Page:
Why Peloton’s new ad campaign works better than last year’s

Meghann Showers

When Peloton released its holiday commercial last December, viewers cringed at its awkwardness and took to social media to ridicule the company. Peloton took note and released a new ad campaign this week that features real riders ranging in body type, race, and location. A narrator explains “why they ride,” […]

  • When Peloton released its holiday commercial last December, viewers cringed at its awkwardness and took to social media to ridicule the company.
  • Peloton took note and released a new ad campaign this week that features real riders ranging in body type, race, and location. A narrator explains “why they ride,” as the viewer sees the bike tucked into real homes.
  • Alixandra Barasch, an assistant professor of marketing at New York University’s Stern School of Business, breaks down why Peloton’s new campaign is so powerful, what the fitness brand learned from previous mistakes, and how other companies can apply these lessons to their branding.
  • Visit Business Insider’s homepage for more stories.

When Peloton released its holiday commercial last December, in which a man gifts his wife a bike and she records a year’s worth of workouts, viewers cringed at its awkwardness and took to social media to ridicule the company. They dubbed the woman the “Peloton wife.”

The ad promoted a great deal of negative commentary, including criticism that the commercial was sexist and classist — the already-fit woman was using a $2,245 bike. What’s more, the company’s stock fell by about 9% the day after online outrage spread across social media and news sites.

Peloton took note. It released a new ad campaign this week that features real riders ranging in body type, race, and location. A narrator explains “why they ride,” as the viewer sees the bike tucked into real homes. (Disclaimer: This reporter is a Peloton user.)

“It’s all about how this can be your special time to step away and be part of a community,” said Alixandra Barasch, an assistant professor of marketing at New York University’s Stern School of Business. “It’s less about what went wrong in the last campaign, which was focusing too much on what your body should look like.”

Barasch breaks down why Peloton’s new campaign is so powerful, what the fitness brand learned from past mistakes, and how other companies can apply these lessons to their branding.

The focus is on community over function

The new ad campaign barely features Peloton’s bike, and when it does the imagery is more about the rider than the equipment’s bells and whistles. That was intentional, Peloton’s new senior vice president and head of global marketing, Dara Treseder, told Business Insider.

“In the past, our marketing campaigns were primarily focused on our product and the services,” Treseder said. “But our community has grown so significantly that it’s important to showcase the fullness of the Peloton experience and some of the most valuable elements of the Peloton brand that many people don’t see until they’re fully immersed in it.”

Barasch praised the tactic, adding that it emphasized the social connection many people lacked because of coronavirus precautions like social distancing and quarantining.

“Even though we’re all isolated right now, we can still tap into these connections with other people,” Barasch said. “It’s serving as a substitute for this community that many of us are missing and that’s really powerful.”

Go big to change minds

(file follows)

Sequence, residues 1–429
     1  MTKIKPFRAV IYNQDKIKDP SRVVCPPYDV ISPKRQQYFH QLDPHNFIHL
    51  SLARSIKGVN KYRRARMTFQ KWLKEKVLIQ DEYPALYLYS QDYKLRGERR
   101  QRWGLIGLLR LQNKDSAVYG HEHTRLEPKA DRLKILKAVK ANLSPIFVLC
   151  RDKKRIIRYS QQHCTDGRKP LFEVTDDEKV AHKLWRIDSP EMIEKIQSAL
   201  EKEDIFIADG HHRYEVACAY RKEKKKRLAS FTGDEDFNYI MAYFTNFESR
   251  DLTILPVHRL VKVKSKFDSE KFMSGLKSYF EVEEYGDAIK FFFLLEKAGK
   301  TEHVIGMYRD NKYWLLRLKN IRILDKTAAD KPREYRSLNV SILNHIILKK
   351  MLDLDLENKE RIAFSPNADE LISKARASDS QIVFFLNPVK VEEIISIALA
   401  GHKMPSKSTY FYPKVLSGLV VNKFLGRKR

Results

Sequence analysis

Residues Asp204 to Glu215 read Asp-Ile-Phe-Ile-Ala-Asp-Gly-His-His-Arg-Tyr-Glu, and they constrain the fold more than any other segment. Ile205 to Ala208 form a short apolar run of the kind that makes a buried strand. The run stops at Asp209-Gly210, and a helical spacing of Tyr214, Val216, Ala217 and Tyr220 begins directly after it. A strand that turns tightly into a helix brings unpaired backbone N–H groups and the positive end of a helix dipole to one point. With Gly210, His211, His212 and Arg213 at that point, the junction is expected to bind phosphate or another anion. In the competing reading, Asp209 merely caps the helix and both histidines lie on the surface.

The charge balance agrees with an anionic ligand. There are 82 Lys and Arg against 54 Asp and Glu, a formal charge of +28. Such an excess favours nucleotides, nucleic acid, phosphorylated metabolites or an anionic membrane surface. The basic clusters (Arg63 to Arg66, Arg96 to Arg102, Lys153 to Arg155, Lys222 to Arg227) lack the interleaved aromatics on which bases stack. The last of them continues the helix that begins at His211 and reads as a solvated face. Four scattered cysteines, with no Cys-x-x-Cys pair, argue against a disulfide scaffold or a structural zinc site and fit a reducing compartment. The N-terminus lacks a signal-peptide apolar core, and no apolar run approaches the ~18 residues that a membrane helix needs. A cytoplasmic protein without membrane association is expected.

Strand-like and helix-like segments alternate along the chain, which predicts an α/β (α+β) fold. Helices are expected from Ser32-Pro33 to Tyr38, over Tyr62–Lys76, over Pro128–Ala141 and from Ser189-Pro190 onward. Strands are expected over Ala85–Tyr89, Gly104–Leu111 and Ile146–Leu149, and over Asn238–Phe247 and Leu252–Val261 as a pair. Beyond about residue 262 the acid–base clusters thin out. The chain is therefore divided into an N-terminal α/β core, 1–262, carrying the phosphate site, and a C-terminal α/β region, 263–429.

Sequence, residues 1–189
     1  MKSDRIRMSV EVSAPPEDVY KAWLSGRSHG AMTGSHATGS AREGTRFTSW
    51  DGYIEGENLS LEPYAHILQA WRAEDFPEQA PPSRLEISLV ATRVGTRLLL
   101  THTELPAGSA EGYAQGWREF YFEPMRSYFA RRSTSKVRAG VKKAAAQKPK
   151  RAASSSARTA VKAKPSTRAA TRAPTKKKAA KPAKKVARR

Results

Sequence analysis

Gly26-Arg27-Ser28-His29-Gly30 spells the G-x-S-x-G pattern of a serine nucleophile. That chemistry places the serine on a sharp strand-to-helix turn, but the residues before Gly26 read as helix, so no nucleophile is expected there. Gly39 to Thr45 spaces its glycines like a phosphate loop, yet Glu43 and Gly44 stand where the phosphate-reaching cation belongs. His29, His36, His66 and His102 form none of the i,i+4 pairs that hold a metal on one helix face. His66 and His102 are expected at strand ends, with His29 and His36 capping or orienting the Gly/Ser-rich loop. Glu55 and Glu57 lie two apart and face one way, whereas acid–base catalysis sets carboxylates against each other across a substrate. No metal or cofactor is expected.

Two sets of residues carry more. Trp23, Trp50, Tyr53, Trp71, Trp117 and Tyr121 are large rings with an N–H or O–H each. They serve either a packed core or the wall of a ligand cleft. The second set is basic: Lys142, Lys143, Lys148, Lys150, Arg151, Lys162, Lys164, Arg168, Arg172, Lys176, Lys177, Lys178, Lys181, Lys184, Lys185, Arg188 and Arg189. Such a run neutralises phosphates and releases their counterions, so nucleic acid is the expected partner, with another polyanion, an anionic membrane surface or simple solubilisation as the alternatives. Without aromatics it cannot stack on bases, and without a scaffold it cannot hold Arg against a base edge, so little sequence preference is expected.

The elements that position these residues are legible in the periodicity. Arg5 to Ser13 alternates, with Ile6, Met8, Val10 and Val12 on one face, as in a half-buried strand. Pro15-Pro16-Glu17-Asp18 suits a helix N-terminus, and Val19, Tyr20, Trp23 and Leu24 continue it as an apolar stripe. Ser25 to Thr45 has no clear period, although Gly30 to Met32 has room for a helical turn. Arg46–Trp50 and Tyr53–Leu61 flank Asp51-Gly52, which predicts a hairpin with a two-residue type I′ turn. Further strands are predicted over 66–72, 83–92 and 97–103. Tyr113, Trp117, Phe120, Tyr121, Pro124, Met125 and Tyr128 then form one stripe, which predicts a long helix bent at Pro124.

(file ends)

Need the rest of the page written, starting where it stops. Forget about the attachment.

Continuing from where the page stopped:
While Peloton swapped out actors for real customers, which most likely lowered some costs, Treseder told Business Insider the new campaign was Peloton’s most expensive to date.

“It’s going to be disseminated through 12 channels, including broadcast TV, OTT, digital, email, organic social, our app, out-of-home,” she said. Advertising budgets generally spend more on the channels where content lives rather than on the filming, Barasch noted.

Peloton isn’t spending the money in the hopes that customers will learn about the brand — a recent survey by CivicScience found that only 28% of 3,298 respondents had never heard of Peloton — it’s hoping to change consumers’ minds.

“This is a total shift in the way they want consumers to perceive them, and that’s harder to fix,” Barasch said, adding that Peloton was hoping to change minds by flooding the market with content. “Without it being all or nothing, you’re not going to move the needle very much.”

Inclusivity is key

Peloton’s decision to scrap fit actors with ritzy homes for real people is key to the campaign’s success, Barasch said. Showcasing a diverse cast of users underscores the point that many different types of people can use the bike and helps to unify users, Barasch said.

What’s more, the new cast addresses criticism that Peloton is accessible only to wealthy people. While the price point is still high, viewers see bikes slotted into the tight quarters of living rooms and garages.

“Democratizing access to fitness is so important for us, which you can see through the work that we’ve been doing,” Treseder said.

Listen and learn

Peloton saw such a large uptick in sales during the pandemic that it paused advertising. That interlude gave the company a chance to listen and react to criticism, a strategy it used successfully in the past.

Peloton’s ability to adapt helped make it a cultlike brand with consumers, said Andrea Wroble, a senior research analyst covering health and wellness at the market-research firm Mintel. For example, Peloton lowered the price of its original bike by $350 this fall after consumers complained about its high cost.

What’s more, it listens to existing customers and integrates user research into its offerings. The company tracks what its clients like, what they don’t and what they want to see more of in the future, ensuring high customer-satisfaction rates.

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